"The fact is, every student is going to make mistakes. This is hard work. The pace is intense. I am going to make mistakes as I build a guitar along with them, and I've been doing this for more than 35 years," he says. "You have to learn how to learn from those mistakes, and one of the best ways is to pay attention to the experience, to how you react to the mistake. Eventually you ratchet back your expectations enough to relax and have fun."
He is quiet for a moment, until another smile resonates from his heart. "I have so much admiration for these students. They choose to spend their vacation doing this rewarding and rich and really challenging course -- and in the end they get an amazing instrument that they built themselves."
He shakes his head. "This teaching thing." He assembles his well-turned thoughts, binds them together. "It's the hardest and most satisfying work I've ever done."
Scott had taught at various places before the Whetstone School in 2010, including Anderson Ranch Arts Center, The Center For Furniture Craftsmanship and The Putney School Summer Programs. But when he first moved into the Birge Street space in 2006, the idea for a school didn't even exist.
"I'd been shopless for a couple of years back then," he remembers. "I needed a shop. This space came up, a big empty room, and I hired four guys and two trucks and we just moved over all my equipment and put it in a pile on the floor. I had no idea what would happen."
Over the next couple of years, Scott pondered the possibilities. He had a wealth of knowledge and experience crafted over decades, beginning with his instrument-building classes at Marlboro College in the early 1970s. His time at Gurian Guitars, formerly located in Hinsdale, N.H., and Froggy Bottom Guitars in Chelsea, Vt., further honed his skills, as did his furniture-making business and his work as a product engineer.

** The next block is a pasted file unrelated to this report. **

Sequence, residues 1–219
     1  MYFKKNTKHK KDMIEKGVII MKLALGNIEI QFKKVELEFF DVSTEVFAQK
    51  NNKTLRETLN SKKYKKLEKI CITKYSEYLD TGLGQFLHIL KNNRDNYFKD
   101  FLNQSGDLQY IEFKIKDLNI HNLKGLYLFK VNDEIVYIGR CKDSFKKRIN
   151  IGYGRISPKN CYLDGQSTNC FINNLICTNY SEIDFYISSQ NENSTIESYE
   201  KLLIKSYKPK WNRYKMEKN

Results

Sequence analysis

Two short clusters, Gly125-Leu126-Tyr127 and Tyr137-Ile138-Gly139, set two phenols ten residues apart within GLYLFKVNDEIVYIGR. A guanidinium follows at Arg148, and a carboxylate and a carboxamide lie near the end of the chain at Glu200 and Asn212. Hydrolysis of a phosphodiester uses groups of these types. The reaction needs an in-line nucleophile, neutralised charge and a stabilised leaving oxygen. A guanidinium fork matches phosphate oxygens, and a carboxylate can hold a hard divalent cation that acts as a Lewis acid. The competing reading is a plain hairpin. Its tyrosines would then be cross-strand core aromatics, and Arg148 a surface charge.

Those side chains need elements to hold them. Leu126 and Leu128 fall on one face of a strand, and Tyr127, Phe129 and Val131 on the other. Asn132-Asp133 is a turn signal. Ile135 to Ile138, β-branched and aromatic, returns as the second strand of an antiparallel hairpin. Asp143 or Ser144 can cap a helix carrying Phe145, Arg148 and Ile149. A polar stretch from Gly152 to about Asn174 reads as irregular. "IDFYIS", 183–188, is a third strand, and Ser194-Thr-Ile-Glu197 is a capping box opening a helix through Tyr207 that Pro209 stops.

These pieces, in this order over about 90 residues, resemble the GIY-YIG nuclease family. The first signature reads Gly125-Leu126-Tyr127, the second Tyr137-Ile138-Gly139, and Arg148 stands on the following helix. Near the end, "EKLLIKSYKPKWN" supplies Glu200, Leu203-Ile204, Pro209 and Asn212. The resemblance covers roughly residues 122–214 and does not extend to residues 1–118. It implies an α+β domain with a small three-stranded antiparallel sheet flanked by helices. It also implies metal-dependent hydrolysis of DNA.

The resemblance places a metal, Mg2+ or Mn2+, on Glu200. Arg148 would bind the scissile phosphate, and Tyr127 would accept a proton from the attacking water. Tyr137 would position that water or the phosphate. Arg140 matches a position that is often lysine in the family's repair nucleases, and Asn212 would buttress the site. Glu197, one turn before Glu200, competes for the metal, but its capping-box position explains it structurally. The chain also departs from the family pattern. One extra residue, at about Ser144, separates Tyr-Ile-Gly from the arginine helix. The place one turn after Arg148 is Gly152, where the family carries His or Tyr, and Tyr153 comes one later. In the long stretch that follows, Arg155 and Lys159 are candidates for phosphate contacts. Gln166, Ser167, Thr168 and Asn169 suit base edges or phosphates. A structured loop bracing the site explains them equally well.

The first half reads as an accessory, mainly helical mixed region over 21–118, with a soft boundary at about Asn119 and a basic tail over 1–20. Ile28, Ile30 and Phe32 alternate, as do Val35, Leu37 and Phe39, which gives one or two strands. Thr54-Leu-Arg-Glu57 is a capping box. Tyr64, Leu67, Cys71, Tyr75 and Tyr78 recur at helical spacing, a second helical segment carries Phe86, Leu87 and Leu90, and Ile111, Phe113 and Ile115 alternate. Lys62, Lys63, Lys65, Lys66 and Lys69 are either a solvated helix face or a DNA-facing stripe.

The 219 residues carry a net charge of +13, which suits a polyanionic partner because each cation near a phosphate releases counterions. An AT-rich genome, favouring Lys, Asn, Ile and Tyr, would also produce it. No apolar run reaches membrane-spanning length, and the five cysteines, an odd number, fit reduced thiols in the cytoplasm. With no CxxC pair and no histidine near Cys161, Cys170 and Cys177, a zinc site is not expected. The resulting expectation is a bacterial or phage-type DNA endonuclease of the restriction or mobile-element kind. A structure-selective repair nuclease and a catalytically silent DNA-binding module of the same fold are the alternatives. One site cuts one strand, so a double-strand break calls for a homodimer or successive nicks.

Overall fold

All of these strands come together in teaching students to build high-quality instruments. With the success of the school, Scott has a chance to pass on all that he's learned about woodworking. He can use his engineering skills in precisely constructing an effective curriculum and workflow for a short timeframe. He helps create more beautiful instruments. He is doing purposeful, valuable work.
Beyond that, Scott has seen the school contribute to the Brattleboro area as a thriving small business.
"It's gratifying to realize the impact that bringing students to town can have on the economy," he says. "They come, they pay for lodging and food and entertainment. The numbers really add up."
He's also formed a strong collaboration with Maple Leaf Music. The two businesses promote each other's work, and the shop exclusively carries the guitars Scott makes in class, under the Whetstone Guitars label. Maple Leaf owner Christian Glines and Scott even worked together to design a soprano ukulele.
Scott picks up a recently built soprano uke and holds it gently in his arms.
"This school is a great way to finish up my career," he says. "I'm delighted. I am proud. I'm here to the end."
He strums a tune on the beautiful little instrument, jaunty and mellow in the way of ukuleles. The music fills the room. Eyes closed, he cannot help but grin.
To learn more about the Whetstone School of Lutherie, visit whetstoneschooloflutherie.com or call 802-579-1661.